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St. Louis leaders to discuss funds for 'The Workhouse' and Lambert airport

Two major St. Louis institutions could lose their public funding, but the money saved could make neighborhoods safer

ST. LOUIS — The St. Louis Board of Aldermen will discuss bills for two major St. Louis locations at Tuesday's meeting, each with their own controversy.

The first bill would close the Medium Security Institution, more commonly known as "The Workhouse".

People held there would be moved to other areas, and officials would come up with new uses for the property. A Neighborhood Crime Reduction Fund is also part of the bill. It would allocate some of the $7.2 million used to operate the Workhouse to neighborhoods with high violent crime.

Mayor Lyda Krewson had already announced an $860,000 cut to the jail.

The Board of Estimate and Apportionment approved the bill eliminating the budget for Workhouse. The full Board of Aldermen was set to vote on the bill next. However, it became stuck in committee. An official in Board of Aldermen President Lewis Reed's office told 5 On Your Side Tuesday morning there will be a special meeting on Friday to discuss the bill.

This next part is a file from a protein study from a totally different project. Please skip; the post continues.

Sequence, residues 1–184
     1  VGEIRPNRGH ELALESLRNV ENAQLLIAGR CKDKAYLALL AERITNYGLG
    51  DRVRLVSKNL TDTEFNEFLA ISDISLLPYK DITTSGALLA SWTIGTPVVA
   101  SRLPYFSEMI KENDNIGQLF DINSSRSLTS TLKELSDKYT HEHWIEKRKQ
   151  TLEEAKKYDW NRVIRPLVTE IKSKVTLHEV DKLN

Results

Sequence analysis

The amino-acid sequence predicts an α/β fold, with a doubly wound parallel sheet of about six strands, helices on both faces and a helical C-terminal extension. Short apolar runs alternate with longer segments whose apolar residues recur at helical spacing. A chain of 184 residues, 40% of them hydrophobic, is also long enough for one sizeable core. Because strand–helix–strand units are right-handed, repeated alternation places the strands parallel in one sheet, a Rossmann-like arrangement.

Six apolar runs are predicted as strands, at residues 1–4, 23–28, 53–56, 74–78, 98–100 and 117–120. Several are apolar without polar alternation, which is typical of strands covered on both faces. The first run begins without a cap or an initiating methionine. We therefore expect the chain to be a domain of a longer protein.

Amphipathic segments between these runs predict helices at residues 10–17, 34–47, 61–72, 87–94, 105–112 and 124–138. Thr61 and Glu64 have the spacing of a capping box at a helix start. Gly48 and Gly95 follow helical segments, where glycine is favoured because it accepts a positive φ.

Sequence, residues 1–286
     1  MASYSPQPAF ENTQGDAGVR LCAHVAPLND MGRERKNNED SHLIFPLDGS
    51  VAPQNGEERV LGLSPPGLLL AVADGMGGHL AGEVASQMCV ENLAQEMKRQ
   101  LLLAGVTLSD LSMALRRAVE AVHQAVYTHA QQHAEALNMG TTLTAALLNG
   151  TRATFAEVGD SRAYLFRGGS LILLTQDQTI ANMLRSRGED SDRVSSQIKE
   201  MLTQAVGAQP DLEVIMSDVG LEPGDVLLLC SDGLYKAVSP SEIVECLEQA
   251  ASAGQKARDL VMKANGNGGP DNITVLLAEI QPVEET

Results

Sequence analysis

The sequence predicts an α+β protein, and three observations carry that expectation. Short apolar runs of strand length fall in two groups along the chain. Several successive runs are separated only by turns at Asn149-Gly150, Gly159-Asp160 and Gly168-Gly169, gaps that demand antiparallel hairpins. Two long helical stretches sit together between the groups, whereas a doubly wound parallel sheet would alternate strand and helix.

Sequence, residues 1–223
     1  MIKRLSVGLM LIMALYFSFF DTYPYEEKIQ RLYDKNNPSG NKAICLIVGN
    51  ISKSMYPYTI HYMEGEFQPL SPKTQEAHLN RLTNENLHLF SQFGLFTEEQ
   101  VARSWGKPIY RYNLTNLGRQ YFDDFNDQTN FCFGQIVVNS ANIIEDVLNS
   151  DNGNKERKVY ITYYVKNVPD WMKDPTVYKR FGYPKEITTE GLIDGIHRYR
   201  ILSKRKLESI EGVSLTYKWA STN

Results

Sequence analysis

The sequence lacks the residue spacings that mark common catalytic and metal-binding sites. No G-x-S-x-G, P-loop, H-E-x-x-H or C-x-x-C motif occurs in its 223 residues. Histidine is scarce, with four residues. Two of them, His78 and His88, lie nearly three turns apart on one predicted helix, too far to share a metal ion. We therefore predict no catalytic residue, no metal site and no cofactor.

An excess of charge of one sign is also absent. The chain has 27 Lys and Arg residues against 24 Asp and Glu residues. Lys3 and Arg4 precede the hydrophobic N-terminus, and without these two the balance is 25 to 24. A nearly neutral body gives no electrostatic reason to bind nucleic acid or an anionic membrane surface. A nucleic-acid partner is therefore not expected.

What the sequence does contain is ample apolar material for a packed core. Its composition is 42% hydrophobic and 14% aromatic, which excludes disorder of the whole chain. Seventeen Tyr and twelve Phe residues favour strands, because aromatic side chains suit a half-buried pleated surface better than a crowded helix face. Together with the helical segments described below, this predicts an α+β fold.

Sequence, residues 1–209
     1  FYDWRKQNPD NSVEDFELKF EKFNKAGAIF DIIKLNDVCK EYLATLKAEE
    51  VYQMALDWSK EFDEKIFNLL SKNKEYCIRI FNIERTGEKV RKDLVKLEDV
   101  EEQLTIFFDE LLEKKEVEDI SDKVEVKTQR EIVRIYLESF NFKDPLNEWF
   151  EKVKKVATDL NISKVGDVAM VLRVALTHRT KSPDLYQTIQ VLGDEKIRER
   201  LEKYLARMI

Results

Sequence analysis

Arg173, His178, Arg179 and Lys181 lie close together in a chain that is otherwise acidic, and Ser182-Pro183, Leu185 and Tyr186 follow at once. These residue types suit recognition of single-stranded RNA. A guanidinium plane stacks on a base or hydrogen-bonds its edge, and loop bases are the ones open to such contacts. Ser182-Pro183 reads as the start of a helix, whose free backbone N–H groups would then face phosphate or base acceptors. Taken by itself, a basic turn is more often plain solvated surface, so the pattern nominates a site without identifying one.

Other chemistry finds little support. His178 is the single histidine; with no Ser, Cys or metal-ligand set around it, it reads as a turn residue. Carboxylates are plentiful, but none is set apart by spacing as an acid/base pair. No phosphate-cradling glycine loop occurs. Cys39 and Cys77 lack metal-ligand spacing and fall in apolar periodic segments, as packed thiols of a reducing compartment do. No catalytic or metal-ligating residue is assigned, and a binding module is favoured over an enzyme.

READ ALSO: Dozens of community organizations have new demands for St. Louis leaders

The second bill up for discussion Tuesday involves privatizing St. Louis Lambert International Airport. Board of Aldermen President Lewis Reed wants to ask voters if the city should lease the airport to a private contractor.

The 50-year lease would cost $1.7 billion. Reed said money from privatization would help the city, and that because of the airport’s location, St. Louis County benefits while the city gets next to nothing.

“People say, well, why are these murders happening, why is all this crime happening,” he explained. “Because of the suit that’s been created – the environment that’s being created that all these kids and everybody has to live in. Meanwhile, we’re sitting here and you know the lion’s share of everything that’s generated from the airport goes to St. Louis County.”

However, those opposing privatization say any money saved will only help the wealthy. Employees at Lambert are technically city employees. Many are concerned about losing their jobs or pensions if airport ownership changes.

READ MORE: Idea of leasing Lambert is back as two plans could ask voters to decide privatization